For Afghan evacuees arriving to U.S., a tenuous legal status and little financial support

The Biden administration is preparing to screen and resettle tens of thousands of Afghan evacuees in the United States over the coming weeks and months, but the majority will arrive without visas as “humanitarian parolees,” lacking a path to legal U.S. residency and the benefits and services offered to traditional refugees, according to U.S. officials and worried aid groups working closely with the government.

Afghan parolees who have arrived at U.S. military bases will be eligible for an ad hoc State Department program that provides limited assistance for up to 90 days, including a one-time $1,250 stipend. But they will not have the full range of medical, counseling and resettlement services available to immigrants who arrive through the U.S. refugee program.

The nonprofit organizations that work with the government to resettle refugees and that are assisting with Afghan evacuees say Congress will need to provide billions in emergency funding to help the Afghans start over and ensure they can be successfully and safely integrated into the United States.

“We’ve been heartened by the administration’s efforts to ensure some minimal support, but 90 days is meager compared to the massive need,” said Krish O’Mara Vignarajah, president and chief executive of the Lutheran Immigration and Refugee Service. “These Afghans feared for their lives and faced floggings on the way to the airport, and the last thing we want them to face here is a tangled web of backlogs and bureaucratic hurdles.”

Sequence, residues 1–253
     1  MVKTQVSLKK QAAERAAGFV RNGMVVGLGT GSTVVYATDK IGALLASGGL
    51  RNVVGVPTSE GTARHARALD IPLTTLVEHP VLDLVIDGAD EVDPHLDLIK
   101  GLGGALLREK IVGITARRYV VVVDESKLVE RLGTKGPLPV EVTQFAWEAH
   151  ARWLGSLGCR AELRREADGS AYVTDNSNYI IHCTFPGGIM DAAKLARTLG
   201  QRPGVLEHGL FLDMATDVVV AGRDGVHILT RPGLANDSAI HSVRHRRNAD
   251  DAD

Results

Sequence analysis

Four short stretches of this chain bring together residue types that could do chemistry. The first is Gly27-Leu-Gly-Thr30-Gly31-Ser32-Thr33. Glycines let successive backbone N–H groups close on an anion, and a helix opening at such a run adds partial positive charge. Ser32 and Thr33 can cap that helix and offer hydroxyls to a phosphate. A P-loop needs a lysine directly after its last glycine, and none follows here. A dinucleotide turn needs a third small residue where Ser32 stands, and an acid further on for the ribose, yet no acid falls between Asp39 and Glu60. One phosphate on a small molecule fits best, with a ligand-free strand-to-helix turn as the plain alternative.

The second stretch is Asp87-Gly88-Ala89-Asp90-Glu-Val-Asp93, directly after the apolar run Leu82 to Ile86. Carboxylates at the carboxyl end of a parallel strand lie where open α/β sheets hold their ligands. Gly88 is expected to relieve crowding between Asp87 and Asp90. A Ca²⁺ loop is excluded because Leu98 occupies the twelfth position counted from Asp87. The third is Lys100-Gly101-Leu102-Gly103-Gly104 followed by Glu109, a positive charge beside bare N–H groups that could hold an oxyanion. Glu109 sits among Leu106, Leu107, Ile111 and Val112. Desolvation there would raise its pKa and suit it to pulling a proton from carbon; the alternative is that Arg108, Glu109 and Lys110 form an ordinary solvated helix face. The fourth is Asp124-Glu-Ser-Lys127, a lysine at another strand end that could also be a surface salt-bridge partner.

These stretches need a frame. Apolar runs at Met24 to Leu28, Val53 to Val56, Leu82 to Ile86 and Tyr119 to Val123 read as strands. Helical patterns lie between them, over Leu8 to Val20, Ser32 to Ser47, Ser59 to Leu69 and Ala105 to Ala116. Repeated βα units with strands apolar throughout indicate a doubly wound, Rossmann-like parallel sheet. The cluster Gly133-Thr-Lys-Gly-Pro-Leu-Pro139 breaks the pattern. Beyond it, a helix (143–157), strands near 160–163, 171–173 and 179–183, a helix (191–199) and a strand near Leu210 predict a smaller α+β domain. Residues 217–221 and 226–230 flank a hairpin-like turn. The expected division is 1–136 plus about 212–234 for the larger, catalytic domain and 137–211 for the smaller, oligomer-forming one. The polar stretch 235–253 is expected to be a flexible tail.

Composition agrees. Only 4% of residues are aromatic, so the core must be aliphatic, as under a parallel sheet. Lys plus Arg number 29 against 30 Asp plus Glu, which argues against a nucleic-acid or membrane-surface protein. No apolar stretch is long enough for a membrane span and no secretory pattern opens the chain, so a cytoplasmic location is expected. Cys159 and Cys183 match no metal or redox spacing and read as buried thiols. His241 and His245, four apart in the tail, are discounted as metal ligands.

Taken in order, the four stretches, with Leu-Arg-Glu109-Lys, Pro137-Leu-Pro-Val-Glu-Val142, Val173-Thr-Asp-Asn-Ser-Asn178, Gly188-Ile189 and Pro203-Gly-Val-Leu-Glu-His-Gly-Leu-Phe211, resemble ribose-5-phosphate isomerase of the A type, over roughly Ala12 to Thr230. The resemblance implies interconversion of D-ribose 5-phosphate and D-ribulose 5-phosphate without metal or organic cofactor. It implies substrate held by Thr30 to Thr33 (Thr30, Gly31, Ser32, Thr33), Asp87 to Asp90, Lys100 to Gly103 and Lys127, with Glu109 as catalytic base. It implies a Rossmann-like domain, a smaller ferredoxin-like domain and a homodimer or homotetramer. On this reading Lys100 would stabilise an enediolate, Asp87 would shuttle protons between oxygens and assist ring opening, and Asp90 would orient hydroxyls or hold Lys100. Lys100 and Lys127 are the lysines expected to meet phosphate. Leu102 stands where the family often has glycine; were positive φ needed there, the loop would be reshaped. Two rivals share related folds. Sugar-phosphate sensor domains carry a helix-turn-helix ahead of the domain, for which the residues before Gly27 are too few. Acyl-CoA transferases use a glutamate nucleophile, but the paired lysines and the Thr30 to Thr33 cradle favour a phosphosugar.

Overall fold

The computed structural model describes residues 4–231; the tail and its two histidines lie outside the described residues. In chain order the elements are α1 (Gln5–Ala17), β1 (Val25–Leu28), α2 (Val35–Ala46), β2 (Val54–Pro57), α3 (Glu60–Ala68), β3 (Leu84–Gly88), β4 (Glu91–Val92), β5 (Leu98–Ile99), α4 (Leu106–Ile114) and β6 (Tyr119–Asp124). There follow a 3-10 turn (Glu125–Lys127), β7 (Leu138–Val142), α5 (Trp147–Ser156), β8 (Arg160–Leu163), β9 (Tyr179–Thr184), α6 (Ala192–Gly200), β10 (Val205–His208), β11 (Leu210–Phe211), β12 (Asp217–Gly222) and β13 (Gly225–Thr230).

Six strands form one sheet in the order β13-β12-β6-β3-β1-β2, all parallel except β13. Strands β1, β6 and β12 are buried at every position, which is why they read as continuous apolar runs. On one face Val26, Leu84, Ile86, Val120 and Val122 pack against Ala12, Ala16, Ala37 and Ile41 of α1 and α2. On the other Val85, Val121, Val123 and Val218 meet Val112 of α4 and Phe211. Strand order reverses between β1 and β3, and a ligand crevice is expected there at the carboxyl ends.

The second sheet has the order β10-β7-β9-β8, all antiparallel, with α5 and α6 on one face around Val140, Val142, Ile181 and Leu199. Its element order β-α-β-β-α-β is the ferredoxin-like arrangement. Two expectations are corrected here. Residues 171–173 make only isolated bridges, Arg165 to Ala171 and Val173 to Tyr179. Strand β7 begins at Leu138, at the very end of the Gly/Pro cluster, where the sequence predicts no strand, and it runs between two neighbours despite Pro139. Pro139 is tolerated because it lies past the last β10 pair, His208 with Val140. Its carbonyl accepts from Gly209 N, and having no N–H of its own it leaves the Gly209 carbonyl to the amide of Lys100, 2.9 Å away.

More than 31,000 evacuees from Afghanistan arrived in the United States between Aug. 17 and 31, according to the latest Department of Homeland Security data. That included about 7,000 U.S. citizens and legal residents, as well as nearly 24,000 labeled “Afghans at Risk.”

While some of those evacuees include special immigrant visa (SIV) holders or applicants who worked for the U.S. government, officials acknowledge that there is a larger number of parolees who will enter as “vulnerable Afghans.”

Some may have few or no U.S. ties but successfully boarded U.S. military flights in the chaotic hours and days after the fall of Kabul, hoping to reach the United States. Pentagon officials said Wednesday that the U.S.-led airlift evacuated nearly 125,000 Afghans overall, but the Biden administration has not said how many it expects to resettle in the United States.

Gen. Mark A. Milley, chairman of the Joint Chiefs of Staff, told reporters Wednesday that approximately 43,000 Afghan evacuees are waiting at transit sites in Europe and the Middle East. Some evacuees have gone to third countries such as Albania. U.S. officials say their ability to more carefully select who was able to pass Taliban checkpoints and board evacuation flights improved through “pragmatic” communication with Taliban authorities.

“We got better at prioritizing and focusing on those populations that matter most of all to us,” said a senior State Department official involved in the evacuation effort who briefed reporters under rules of anonymity set by the department.

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Nick Miroff